Musings of the RiskFox...
This blog contains a selection of thoughts, opinions, and views regarding business and specifically issues relating to strategy and risk.
The purpose of the blog is to put a few issues out there, float opinions, and stimulate discussion in an informal way. The posts are the personal opinion of the writer and do not necessarily reflect the views of Retlaw Fox Associates.
Many organisations do not have a risk manager or a Chief Risk Officer (CRO). They feel that they may not have a full time job for the person, or that recruiting a person with the right skill set and employing them at the right level may be too expensive. They are right. Others feel it's a good idea to assign responsibility for risk management to the internal auditor or the finance manager. This may be a step in the wrong direction. Is there another option to consider?
In my opinion, where work can be done more effectively, and more efficiently, by an outsider than an insider, the work should be given to the outsider. Engaging a part-time CRO, with the right knowledge, skills, and experience can add value and bring proper risk governance and risk management to an organisation. The services of a part-time CRO can range from a full end-to-end solution to almost anything in between. A full service solution typically comprises developing and implementing Enterprise Risk Management and the ongoing execution of the programme in the role of CRO on a retainer basis. A part-time outsourced solution is practical, flexible, scalable, and can be adapted to suit client requirements.
A part-time CRO works with the board, the executives, and the senior management team to develop and maintain the organisation’s overall Enterprise Risk Management programme. Typically the service will include:
- reviewing any existing risk management initiatives: charters, policies, plans, and other risk management documentation;
- performing a gap analysis against the applicable risk management regulations and guidelines and making recommendations to close important gaps identified;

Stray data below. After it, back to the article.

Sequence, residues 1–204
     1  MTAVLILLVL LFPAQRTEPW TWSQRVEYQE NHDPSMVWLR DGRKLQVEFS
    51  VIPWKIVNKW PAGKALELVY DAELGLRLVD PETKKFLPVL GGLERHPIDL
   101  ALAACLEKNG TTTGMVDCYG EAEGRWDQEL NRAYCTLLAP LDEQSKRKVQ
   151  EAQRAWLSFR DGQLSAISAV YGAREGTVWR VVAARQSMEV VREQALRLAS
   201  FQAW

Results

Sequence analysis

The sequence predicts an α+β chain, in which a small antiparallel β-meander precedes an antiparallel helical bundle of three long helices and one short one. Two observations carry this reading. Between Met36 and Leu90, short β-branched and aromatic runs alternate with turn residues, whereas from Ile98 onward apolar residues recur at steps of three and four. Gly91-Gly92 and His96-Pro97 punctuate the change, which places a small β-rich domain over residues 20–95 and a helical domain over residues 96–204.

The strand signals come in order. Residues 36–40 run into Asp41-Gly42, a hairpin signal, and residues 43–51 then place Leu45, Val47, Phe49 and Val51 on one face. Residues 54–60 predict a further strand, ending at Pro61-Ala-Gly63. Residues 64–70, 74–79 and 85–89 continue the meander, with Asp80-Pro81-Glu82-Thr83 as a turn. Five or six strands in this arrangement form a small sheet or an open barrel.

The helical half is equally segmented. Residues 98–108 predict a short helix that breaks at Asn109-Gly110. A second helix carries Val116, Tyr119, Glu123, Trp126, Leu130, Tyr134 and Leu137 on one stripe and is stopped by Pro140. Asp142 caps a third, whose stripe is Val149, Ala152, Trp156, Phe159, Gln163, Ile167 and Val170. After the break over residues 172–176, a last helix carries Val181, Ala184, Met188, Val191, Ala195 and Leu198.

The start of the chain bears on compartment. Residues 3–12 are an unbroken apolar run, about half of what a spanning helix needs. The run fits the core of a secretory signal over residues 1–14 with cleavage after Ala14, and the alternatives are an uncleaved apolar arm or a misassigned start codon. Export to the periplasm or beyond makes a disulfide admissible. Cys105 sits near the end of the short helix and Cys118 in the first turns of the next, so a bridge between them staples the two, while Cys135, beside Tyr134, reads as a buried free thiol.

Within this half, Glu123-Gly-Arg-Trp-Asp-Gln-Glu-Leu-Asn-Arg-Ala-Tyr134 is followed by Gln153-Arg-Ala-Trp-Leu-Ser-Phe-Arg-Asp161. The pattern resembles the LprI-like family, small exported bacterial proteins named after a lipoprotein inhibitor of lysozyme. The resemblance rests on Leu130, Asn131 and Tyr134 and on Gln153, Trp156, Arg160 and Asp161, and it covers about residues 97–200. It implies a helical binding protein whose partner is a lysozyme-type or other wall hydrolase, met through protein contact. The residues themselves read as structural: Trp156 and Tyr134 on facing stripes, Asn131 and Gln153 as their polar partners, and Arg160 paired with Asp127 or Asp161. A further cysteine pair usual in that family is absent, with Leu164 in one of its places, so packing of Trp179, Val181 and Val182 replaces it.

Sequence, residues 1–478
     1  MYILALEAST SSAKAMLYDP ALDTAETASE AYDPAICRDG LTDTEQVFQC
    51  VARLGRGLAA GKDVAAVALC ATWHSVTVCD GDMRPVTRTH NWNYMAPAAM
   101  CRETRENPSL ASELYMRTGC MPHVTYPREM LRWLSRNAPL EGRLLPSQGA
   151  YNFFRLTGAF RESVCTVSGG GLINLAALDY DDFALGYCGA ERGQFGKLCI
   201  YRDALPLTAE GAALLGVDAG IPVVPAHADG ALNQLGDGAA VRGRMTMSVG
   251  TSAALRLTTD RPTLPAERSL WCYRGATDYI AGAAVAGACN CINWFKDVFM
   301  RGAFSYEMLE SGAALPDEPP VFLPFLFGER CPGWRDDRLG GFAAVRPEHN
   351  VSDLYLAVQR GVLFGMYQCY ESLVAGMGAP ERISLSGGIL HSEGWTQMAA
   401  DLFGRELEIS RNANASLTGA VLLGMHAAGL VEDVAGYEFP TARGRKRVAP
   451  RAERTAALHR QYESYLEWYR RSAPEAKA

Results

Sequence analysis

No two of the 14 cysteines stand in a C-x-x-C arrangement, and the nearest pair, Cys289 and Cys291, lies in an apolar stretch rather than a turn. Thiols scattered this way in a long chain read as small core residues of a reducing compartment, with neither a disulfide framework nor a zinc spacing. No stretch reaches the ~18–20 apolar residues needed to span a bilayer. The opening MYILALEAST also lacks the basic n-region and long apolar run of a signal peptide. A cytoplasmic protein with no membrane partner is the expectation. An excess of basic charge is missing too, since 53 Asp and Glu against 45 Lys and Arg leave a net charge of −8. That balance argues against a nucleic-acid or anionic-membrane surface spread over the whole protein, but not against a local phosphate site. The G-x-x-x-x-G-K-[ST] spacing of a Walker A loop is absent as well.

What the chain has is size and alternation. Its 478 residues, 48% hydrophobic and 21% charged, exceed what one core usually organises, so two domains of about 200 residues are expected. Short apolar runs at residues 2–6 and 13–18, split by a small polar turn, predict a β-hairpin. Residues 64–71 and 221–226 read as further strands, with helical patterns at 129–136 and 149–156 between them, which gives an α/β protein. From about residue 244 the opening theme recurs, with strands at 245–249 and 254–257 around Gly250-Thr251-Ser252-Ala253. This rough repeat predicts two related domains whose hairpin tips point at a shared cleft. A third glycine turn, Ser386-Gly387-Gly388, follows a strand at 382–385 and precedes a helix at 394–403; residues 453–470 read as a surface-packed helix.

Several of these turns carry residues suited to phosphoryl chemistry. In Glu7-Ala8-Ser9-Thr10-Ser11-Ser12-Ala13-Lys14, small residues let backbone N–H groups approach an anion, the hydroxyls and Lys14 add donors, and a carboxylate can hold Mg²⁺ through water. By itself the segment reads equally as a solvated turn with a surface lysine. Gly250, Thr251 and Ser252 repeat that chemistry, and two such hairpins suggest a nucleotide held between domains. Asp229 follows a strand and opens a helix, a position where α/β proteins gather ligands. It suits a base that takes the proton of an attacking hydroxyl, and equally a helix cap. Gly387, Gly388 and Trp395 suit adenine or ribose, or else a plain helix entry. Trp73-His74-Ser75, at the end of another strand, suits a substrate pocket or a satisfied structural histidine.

- developing the required charter, policy, and risk management strategy;
- defining the risk universe and setting the risk appetite and tolerance;
- developing the terms of reference for a risk management committee and participating in it;
- reviewing the existing risk management methodology and defining an appropriate risk management framework for the client organisation, taking into consideration COSO ERM, ISO 31000 and, if applicable, the requirements of specific legislation such as the PFMA and MFMA;
- reviewing the current risk assessment process and the current risk register;
- conducting an enterprise-wide risk identification process;
- preparing and facilitating risk assessment workshops;
- developing mitigating strategies for the top risks, assigning a risk owner, and setting implementation timeframes;
- developing a monitoring and reporting process for the top risks; and
- participating in the ongoing risk management process.
The Retlaw Fox offering is unique in that we can integrate risk management training, to meet your organisation’s specific requirements, into the offering. For further information or to obtain a quotation for part-time CRO services please visit www.retlawfox.co.za or email email@example.com.
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One of my favourite French sayings is ‘pourquoi faire simple quand on peu faire complique?’ Translated to English it means ‘why make things simple when one can make them complicated?’ In the world of risk management there is sometimes a tendency to overcomplicate things.
Whilst I do appreciate that determining the risk tolerance for a complex investment fund is a lot more taxing than determining the risk tolerance of say a manufacturing or a sales and distribution company, I can’t help thinking that an unnecessary level of complexity is often brought to bear by ‘academic gymnasts’ more comfortable operating in an environment of complexity, controversy, and uncertainty.
Let’s face it; no matter how you go about determining risk tolerance, the output remains a quantifiable amount, usually expressed in monetary terms, which reflects the amount of risk an enterprise is able to take. This output is an essential input to the entire risk management effort but its determination should not consume more time and effort than managing the risks themselves.
Risk appetite can only be considered after the risk tolerance has been determined. Risk appetite is simply the amount of risk an organisation is willing to take. It is based on qualitative and quantitative factors but is equally, and often decisively, based on the risk culture, the risk attitude, and the ‘gut feel’ of an organisation’s executives.
What is certain is that an enterprise should not take risk in excess of its ability to absorb that risk or combination of risks. Don’t let your appetite lead you to bite off more than you can digest!
A well governed enterprise that successfully practices Enterprise Risk Management ensures that its risk tolerance is effectively and transparently calculated and that the risk appetite, within which the executive team must manage the organisation, is formally set by the board.
The distinction is clear: risk tolerance reflects the amount of risk you are able to take and risk appetite the amount of risk you are willing to take.